- To see if you have enough folate in the body to prevent congenital disabilities and carry on with the normal baby growth throughout the gestation period.
- The test is also used to analyze the causes of nerve damage.
- Conditions like cirrhosis and cystic fibrosis can also prevent your body from absorbing folate. The test results can be indicative of these chronic illnesses.
What Kind Of Sample Is Needed For The Test?
The folate serum test is just like any other standard blood test. The lab technician or nurse takes a blood sample, usually from a vein in your arm, using a small needle during the procedure. After inserting the needle, they collect a sufficient amount of blood in a vial or test tube then send it to the laboratory for further analysis.
Do You Need To Prepare For The Test?
Before taking the folate test, it is essential that you stop eating or drinking anything for at least 8-10 hours. You can consume water as usual, but consult your doctor regarding the consumption and their effects on the folate serum test results if you take some special medications. As far as the procedure is concerned, you don't have to prepare for anything special. However, try to wear loose clothes and short sleeves so the lab technician can easily identify the arm vein and collect blood samples without any trouble.
Are There Any Risks To This Test?
Since folate serum test is a standard procedure, there is almost little to no risk associated with it. You may experience slight bruising or pain at the puncture site, but the effects are short-term and disappear on their own real quick.
What Do The Test Results Mean?
When it comes to the normal folate range, every lab has its own predetermined levels. Your lab results will indicate the range any particular lab uses for the procedure. Normal ranges here are often used as a guide, but a doctor or practitioner can also use your age, gender, health, and other related factors to judge your status.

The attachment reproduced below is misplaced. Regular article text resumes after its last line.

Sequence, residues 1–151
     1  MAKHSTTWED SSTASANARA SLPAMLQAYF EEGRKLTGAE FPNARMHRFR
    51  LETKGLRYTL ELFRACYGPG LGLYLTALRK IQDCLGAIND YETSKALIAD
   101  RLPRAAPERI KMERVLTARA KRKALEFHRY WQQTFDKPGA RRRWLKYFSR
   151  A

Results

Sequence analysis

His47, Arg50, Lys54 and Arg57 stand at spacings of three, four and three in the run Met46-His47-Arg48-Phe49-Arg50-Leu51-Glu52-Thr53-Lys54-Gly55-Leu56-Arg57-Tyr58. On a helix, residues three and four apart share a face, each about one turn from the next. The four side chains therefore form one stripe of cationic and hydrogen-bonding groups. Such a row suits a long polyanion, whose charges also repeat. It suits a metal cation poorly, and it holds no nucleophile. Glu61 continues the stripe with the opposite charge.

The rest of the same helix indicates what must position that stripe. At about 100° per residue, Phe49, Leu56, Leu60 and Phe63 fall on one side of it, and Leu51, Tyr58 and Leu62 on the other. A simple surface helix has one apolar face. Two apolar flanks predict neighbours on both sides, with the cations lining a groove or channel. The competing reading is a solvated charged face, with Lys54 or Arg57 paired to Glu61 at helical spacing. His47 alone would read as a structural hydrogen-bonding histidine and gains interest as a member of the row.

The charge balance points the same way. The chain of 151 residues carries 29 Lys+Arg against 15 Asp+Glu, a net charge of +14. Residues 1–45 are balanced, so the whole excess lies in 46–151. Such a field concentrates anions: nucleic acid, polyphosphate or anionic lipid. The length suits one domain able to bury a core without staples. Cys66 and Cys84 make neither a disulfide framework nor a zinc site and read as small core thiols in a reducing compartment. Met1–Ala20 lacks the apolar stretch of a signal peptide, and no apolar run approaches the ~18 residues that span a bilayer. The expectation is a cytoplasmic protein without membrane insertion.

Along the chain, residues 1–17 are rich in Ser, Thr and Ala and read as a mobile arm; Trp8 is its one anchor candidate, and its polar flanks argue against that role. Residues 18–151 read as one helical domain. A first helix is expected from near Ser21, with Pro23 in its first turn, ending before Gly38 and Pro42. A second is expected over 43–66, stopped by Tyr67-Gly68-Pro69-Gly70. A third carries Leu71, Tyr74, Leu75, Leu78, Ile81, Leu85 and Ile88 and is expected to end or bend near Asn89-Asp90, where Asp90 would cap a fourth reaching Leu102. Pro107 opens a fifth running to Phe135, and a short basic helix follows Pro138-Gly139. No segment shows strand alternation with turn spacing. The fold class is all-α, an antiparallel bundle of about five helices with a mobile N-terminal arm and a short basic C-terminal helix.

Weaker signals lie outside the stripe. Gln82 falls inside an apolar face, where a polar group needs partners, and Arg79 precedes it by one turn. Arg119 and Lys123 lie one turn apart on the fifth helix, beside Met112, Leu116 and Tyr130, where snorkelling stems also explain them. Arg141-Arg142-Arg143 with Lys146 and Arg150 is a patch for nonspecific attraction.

If the test results show higher than the normal folate levels, it can be due to the following:
- You are consuming a diet that is rich in folate and folic acid. It happens when your intake of vitamin pills and folic acid tablets is too much. Consuming more folate than the body's requirement can cause serious health issues.
- It also indicates vitamin B12 deficiency. Your body needs this vitamin to use folate, so if B12 is deficient, your body becomes unable to use folate, and high levels of it start to build up in the bloodstream.
If the test results show lower than the usual range, it indicates:
- Problem with your diet
- Alcohol use disorder
- An eating disorder like anorexia nervosa
- It also indicates your problems with absorbing or using up folate during liver diseases, vitamin C deficiency, sprue, celiac disease, and Crohn's disease
Related Tests: Intrinsic Factor Antibody, Parietal Cell Antibody, Complete Blood Count or CBC, Antinuclear Antibody or ANA, Rheumatoid Factor or RF Test
Frequently ordered together
Vitamin D 25 Hydroxy
Antinuclear Antibody ANA
Rheumatoid Factor Rf
Vitamin B12 and Folic Acid
INTRINSIC FACTOR AB
CBC Differential and Platelets with Smear Review
Biotin (Vitamin B7)